President Donald Trump pledged to help Puerto Ricans recover basic necessities and security in Maria's ruinous aftermath as his homeland security chief tried to escape a tempest of her own making, set off when she called Washington's response to the hurricane a "good-news story."
Elaine Duke, the department's acting secretary, drew a sharp rebuke from San Juan's mayor for seeming to play down the suffering.
"When you don't have food for a baby, it's not a good-news story," Mayor Carmen Yulin Cruz told CNN on Friday. "Damn it, this is not a good-news story. This is a people-are-dying story."
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The mayor rebuked the federal response again Friday: "If anybody out there is listening to us, we are dying, and you are killing us with the inefficiency and the bureaucracy. We will make it with or without you, because what stands behind me is all due to the generosity of other people," she said.
For his part, Trump said Puerto Rico is "totally unable" to handle the catastrophe on its own. "They are working so hard, but there's nothing left," he said. "It's been wiped out." He said the government is "fully engaged in the disaster and the response and recovery effort."
Trump said he was not aware of Duke's remark.
"I haven't heard what she said," he told reporters. "I can tell you this: We have done an incredible job considering there's absolutely nothing to work with."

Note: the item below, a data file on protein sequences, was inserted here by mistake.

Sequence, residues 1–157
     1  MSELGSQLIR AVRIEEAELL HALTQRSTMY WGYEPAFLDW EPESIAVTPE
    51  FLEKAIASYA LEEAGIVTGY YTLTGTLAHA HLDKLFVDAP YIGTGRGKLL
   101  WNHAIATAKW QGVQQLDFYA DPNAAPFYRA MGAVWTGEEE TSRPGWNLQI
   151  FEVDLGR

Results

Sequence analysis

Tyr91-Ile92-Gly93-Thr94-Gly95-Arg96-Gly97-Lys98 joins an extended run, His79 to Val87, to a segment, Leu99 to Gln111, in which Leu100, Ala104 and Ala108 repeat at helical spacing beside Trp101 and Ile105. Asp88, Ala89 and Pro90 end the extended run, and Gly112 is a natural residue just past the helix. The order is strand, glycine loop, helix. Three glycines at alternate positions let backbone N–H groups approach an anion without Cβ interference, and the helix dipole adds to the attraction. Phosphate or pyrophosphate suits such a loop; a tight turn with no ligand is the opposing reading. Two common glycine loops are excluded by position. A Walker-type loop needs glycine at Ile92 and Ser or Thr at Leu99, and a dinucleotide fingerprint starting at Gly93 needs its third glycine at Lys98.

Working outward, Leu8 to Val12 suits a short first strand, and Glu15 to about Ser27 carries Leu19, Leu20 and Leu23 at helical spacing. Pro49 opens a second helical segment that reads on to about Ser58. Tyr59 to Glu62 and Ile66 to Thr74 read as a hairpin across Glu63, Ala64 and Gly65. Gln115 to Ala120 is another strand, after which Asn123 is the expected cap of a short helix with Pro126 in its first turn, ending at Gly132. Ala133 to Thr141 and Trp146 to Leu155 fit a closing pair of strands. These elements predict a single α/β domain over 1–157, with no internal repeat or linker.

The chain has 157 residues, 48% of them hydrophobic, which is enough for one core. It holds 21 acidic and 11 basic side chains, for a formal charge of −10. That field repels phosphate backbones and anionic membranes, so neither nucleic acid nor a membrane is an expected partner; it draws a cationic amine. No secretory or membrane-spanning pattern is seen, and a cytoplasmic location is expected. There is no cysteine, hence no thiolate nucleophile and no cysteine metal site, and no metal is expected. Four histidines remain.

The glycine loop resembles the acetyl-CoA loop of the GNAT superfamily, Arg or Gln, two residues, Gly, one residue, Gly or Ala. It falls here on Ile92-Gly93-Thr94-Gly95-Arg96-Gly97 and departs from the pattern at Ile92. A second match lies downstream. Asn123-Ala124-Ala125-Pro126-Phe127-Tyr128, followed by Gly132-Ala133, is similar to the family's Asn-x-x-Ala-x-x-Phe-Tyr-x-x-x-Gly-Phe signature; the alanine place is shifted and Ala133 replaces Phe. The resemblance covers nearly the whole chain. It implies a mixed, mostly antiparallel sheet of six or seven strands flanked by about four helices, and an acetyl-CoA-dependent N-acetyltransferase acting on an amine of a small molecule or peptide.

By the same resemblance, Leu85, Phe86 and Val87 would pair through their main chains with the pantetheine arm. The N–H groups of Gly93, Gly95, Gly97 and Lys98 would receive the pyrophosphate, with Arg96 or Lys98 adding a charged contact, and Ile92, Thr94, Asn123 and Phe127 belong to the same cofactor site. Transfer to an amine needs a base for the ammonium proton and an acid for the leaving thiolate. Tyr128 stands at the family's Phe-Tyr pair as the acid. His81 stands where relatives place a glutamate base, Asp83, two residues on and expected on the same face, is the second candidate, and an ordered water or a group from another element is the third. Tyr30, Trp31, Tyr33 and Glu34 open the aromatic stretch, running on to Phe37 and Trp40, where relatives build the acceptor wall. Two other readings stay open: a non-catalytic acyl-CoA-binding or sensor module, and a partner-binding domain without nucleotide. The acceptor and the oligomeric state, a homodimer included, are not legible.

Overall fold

Duke visited the island Friday, surveying damage, meeting local officials and trying to move on from remarks that stunned some in Puerto Rico a day earlier.
On Thursday, Duke said that the federal relief effort was a "good-news story" because of "our ability to reach people and the limited number of deaths."
"Let me clarify," she said Friday upon her arrival in San Juan. She said she meant "it was good news that people of Puerto Rico and many public servants of the United States are working together."
Speaking to the press, and taking no questions, Duke said neither she nor Trump will rest until displaced Puerto Ricans are back home, schools, hospitals and clean water are back and the island's economy is moving again. Duke said she is aware people are suffering and "clearly the situation in Puerto Rico after the devastating hurricane is not satisfactory."
Trump weighed in on his way to New Jersey for the weekend.
He praised his emergency management director, Brock Long, for doing a "fantastic job," pointed out that Duke is serving in an acting capacity and said "she's working very hard."
Yet even in voicing optimism and sympathy, Trump drew attention again to Puerto Rico's pre-hurricane debt burden and infrastructure woes, leaving doubt how far Washington will go to make the U.S. territory whole.
"Ultimately the government of Puerto Rico will have to work with us to determine how this massive rebuilding effort — it will end up being one of the biggest ever — will be funded and organized, and what we will do with the tremendous amount of existing debt already on the island," he said. "We will not rest, however, until the people of Puerto Rico are safe."
Earlier he tweeted: "The fact is that Puerto Rico has been destroyed by two hurricanes. Big decisions will have to be made as to the cost of its rebuilding!"